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35 of 35 people found the following review helpful
Passion and Intrigue in Tsarist Russia
on 6 July 2010
I thoroughly enjoyed this book and can recommend it to anyone who loves a gripping tale of suspense in an authentic historical setting. Andrew Williams has moved from World War II, the focus of his earlier writings, to late 19th century Russia and the events around the assassination of Alexander II in 1881, a period with which many English readers are less familiar than they are with 1917. It tells of the romantic involvement of Frederick Hadfield, a Doctor from a respected Anglo-Russian family, with Anna Kovalenko, a young teacher who is a member of The People's Will, a small but influential band of revolutionaries.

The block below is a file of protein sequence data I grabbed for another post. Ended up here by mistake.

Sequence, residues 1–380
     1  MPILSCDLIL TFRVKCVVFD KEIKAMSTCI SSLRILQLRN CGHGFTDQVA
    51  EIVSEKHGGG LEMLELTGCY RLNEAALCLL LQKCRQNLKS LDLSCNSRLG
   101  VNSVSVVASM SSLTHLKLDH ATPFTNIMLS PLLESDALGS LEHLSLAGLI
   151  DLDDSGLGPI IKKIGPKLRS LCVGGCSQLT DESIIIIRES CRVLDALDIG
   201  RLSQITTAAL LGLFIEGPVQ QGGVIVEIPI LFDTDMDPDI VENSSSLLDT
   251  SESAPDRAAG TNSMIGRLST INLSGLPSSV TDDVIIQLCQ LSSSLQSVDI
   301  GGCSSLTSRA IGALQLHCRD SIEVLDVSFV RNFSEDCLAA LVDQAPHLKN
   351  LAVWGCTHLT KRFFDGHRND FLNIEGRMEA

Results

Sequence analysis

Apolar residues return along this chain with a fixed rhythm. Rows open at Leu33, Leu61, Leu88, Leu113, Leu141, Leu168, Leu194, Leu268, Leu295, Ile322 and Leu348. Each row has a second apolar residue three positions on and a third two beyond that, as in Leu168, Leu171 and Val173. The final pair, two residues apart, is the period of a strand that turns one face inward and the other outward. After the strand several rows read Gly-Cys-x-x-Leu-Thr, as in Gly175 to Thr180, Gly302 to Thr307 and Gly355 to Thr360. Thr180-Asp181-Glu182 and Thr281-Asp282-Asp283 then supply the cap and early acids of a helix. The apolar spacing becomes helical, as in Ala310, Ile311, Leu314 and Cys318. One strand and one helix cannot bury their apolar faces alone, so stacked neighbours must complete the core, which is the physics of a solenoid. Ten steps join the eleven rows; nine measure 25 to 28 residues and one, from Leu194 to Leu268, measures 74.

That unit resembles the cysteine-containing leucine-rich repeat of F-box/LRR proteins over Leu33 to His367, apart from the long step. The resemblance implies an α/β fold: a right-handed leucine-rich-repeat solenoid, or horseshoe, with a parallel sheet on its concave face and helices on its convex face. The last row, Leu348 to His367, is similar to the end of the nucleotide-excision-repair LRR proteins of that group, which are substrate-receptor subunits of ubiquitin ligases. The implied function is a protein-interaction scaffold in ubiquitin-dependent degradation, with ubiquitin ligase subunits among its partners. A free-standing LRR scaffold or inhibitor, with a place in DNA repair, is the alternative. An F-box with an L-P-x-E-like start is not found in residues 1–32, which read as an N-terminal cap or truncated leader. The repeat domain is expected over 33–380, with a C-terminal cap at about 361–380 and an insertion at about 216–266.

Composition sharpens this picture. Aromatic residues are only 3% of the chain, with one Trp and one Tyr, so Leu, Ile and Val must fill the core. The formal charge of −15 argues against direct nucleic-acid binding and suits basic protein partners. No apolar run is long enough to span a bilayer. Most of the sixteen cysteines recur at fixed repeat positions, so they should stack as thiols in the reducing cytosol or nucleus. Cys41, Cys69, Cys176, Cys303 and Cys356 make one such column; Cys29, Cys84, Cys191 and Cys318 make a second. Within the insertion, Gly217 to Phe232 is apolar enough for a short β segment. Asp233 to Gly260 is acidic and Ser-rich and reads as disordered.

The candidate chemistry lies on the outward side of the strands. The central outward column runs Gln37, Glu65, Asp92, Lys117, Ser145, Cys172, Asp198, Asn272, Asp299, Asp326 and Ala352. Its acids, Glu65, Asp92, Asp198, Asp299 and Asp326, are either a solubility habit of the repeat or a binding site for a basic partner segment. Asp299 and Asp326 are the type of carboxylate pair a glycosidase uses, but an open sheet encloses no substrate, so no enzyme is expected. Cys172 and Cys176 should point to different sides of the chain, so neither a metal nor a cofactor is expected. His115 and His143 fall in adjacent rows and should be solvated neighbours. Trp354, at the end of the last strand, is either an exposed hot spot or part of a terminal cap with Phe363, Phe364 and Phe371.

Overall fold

It is a story of conflicting passion and principle, as Frederick's love leads him inexorably, if unwillingly, into association with terrorism. Mixing fiction skilfully with accurate treatment of historical facts and people, Andrew Williams also gives a fascinating insight into the merciless but ultimately inefficient corrupt and informer-led government in St Petersburg at a time of autocratic but creaking imperialism, and into the motivation and activities of early resistance leaders. He also throws light on the situation and influence of the small but powerful Anglo-Russian community.
Once you have assimilated the sheer number of characters met in the early chapters, and despite the plethora of complicated Russian names, this novel deserves the accolade of all the best thrillers -it is just hard to put it down!